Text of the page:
STEVENS:  It's a very good question.  I think that the fact that he was at 30 and is still at 30 and that there's a coalescing of support behind Senator Cruz means something.  I think to people in past races have stopped at a point and looked at a candidate and you see this a lot in runoffs that you have.  Where a candidate doesn't get to 50 percent and you have a runoff between two candidates.  Usually it's the candidate who is in second place going into the runoff who ends up winning the runoff.  That could be happening here.  You also have the fact that if you look at these polls, Donald Trump is losing to Bernie Sanders in a Real Clear politics average by 17-and-a-half points.  

KELLY:  Yes.  But Bernie Sanders --  


-- To get the nomination.  And obviously he is losing to Hillary Clinton most of the polls as well.  But he said yes, it started on her.  Yes.  I had to go.  Stuart, it's great to see you.  

STEVENS:  OK.  Good to see you.  

KELLY:  Our next guest knows how quickly a candidate can get hit on a misstep like this abortion desktop.  

Herman Cain is a former presidential candidate and author of the book, "The Right Problems: What the President, Congress, and Every Candidate Should Be Working On."  Great to see you again, sir.  So, I mean, we just sort of ticked through sort of the positions, the reversals on the positions that we've seen from Trump in just, you know, just in the past 24 hours.  What do you make of it?

HERMAN CAIN, R-FORMER PRESIDENTIAL CANDIDATE:  Well, first of all, we know that Donald Trump is not a polished political politician.  He's not. Yes, did he make some statements that would be considered missteps or misstatements?  Absolutely, yes.  Here's what Stuart and many of the establishment people don't understand about Donald Trump.  They don't understand the difference between a strategic statement and a tactical statement.  You are very easily going to get tripped up over tactical statements.  It happened to me.  But what people are attracted to Donald Trump about is the strategic implications that he makes with some of the things that he says.  

Yes, he has made some missteps.  Yes, he's turned off certain groups.  But if you go back and look at the enthusiasm polls that just came out from Gallup, his supporters are more enthusiastic than the supporters of some of the other candidates.  I'm not going to defend that he may have made a misstatement.  I am not going to try to defend that.  But what I am going to support is the fact that many of the things that he talks about are strategic and not down in the weeds with some of these tactical statements that people take and they run with it in order to be able to attack him.  

KELLY:  When you refer to, yes, he may be alienating some groups, I mean, obviously we're going to talk about this in a bit but his numbers with women in particular have been very concerning to a lot of Republicans who if they, you know, whoever they choose they want them to beat Hillary Clinton.  And right now he has got I think, 73 percent of the American women, this is all woman that have an unfavorable opinion of him.  How is he going to turn that around?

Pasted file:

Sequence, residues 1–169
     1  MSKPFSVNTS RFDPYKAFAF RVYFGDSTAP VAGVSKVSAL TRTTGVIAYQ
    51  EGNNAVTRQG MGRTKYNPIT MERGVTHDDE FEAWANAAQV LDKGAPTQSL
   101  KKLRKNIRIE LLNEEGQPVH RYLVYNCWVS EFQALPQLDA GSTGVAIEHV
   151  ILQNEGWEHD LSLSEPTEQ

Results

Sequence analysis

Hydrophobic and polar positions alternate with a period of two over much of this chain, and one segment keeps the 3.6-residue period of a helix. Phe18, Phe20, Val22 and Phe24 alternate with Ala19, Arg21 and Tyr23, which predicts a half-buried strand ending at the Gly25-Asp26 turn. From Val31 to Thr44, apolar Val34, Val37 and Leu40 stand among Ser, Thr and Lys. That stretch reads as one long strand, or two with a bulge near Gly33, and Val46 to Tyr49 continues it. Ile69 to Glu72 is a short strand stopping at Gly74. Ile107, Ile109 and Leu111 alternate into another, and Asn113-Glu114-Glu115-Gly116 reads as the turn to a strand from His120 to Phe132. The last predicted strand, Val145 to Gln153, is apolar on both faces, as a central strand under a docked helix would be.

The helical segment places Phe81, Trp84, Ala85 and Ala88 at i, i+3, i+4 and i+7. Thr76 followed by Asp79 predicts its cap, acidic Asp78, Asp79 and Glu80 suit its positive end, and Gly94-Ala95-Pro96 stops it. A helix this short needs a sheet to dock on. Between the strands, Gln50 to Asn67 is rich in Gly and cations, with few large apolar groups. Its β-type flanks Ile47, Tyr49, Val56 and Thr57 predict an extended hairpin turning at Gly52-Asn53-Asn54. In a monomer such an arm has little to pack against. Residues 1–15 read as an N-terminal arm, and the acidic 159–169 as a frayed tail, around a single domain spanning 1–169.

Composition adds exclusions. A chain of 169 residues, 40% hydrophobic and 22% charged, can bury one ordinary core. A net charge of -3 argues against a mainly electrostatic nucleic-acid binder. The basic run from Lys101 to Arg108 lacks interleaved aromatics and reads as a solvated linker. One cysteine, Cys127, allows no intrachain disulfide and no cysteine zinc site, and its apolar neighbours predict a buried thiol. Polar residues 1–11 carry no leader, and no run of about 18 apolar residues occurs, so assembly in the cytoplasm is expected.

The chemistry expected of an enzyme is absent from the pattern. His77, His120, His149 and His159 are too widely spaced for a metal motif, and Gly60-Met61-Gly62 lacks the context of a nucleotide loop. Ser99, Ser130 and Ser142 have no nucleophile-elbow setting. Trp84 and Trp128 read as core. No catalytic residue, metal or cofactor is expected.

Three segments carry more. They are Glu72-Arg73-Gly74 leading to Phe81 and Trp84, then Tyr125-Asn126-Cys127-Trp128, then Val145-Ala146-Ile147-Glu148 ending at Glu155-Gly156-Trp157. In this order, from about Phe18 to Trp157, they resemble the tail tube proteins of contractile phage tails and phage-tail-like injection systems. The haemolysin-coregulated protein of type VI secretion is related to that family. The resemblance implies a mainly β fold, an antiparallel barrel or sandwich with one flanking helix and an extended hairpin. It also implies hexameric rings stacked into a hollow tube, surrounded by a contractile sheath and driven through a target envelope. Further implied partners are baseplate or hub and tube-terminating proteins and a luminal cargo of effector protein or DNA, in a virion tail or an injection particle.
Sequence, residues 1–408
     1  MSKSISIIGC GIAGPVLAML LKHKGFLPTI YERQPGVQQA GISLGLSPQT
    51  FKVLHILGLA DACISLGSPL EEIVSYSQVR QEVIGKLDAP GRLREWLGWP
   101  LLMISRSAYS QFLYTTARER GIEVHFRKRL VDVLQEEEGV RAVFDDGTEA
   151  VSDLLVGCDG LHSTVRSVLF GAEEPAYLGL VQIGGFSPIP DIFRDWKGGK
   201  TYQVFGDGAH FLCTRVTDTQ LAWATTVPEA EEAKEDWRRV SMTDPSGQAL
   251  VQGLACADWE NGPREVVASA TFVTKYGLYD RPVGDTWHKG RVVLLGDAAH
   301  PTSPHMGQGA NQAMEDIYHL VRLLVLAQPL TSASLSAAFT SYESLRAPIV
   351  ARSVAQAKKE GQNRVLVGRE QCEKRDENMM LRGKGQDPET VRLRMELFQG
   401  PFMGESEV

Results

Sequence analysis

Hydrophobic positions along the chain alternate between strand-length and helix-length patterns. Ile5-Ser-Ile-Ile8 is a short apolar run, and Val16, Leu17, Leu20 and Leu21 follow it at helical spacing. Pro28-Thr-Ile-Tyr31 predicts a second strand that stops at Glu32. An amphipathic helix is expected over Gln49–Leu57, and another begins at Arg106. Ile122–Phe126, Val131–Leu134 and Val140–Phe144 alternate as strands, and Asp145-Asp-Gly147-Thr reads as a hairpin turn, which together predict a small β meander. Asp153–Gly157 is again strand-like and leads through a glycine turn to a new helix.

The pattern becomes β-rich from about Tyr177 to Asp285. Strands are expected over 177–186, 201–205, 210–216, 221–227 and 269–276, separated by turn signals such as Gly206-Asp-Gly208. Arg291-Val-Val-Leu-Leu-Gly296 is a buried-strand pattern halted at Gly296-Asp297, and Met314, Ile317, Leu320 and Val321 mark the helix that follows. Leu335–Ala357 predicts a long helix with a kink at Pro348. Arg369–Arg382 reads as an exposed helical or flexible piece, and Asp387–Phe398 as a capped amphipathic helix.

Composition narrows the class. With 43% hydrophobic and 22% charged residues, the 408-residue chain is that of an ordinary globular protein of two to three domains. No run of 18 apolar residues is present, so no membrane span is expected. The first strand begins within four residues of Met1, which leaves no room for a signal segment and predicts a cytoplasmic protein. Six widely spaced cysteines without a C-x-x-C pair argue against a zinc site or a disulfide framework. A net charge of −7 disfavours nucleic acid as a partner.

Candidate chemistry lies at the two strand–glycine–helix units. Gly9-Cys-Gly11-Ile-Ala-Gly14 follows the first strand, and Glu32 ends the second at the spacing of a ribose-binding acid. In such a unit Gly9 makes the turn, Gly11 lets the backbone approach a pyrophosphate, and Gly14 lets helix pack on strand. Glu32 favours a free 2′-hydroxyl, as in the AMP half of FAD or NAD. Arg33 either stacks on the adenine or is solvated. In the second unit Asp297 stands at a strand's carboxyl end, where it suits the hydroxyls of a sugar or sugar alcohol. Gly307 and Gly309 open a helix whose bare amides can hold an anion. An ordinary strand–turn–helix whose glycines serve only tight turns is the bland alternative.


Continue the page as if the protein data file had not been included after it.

CAIN:  Well, the way he's going to turn around Megyn is the same way he's going to turn around the perception of black people and other minorities, because keep in mind, many people in the media have spoon fed the perception of Donald Trump relative to women, relative to blacks, relative to minorities that some people in the media want them to have of Donald Trump.  So, once it gets down to the point --

KELLY:  You think the media has been against Donald Trump on all those issues?  Or I mean, has it been Donald Trump himself?  I mean, what favors did he do himself by tweeting out something suggesting Heidi Cruz is unattractive?

CAIN:  No, no, Megyn, no, no, many of the people that are supporting Donald Trump, they don't go to social media and worry about all of that.  Okay? Let's go back to the fact --   

KELLY:  Yes.  But the media has an obligation to report things like that when it comes from a presidential candidate.  

CAIN:  Megyn, Megyn, yes, they do.  I have watched this as closely as you have watched it.  What I'm saying is, many of the sound bites that the mainstream media, not all of them but many of them have put out about Donald Trump have been anti-women messages, anti-Black messages, anti- minority message.  Now, when Donald Trump gets to the point where he's able to get his message out, directed at those groups when it's a one-on-one kind of a situation, I think he'll be able to turn that around.  Remember, polls represent trends.  I don't discount the fact that maybe in the poll that was reported earlier that Trump has basically held steady.  That means his supporters did not lose enthusiasm.  

KELLY:  Uh-hm.

CAIN:  But for the fact that Cruz has gone from 19 percent to 40, that's suspect.  My position is simply this on the polls, whether you talk about Wisconsin or anybody else, let the voters do the talking.  And they're going to do the talking next Tuesday in Wisconsin.  

KELLY:  Amen to that.  Great to see you, Herman Cain.

CAIN:  Yes, thank you, Megyn.  

KELLY:  Also tonight, with Trump's campaign manager now facing criminal charges for grabbing a reporter, a group of female journalists are demanding that he the campaign manager be fired.  Well, Trump defenders are saying, it's time to, quote, "move on."  We've got both sides fair and balance in a fierce debate, next.  

And for the first time, one of the women at the heart of the sex scandal involving General David Petraeus is ready to break her silence, she is with us live.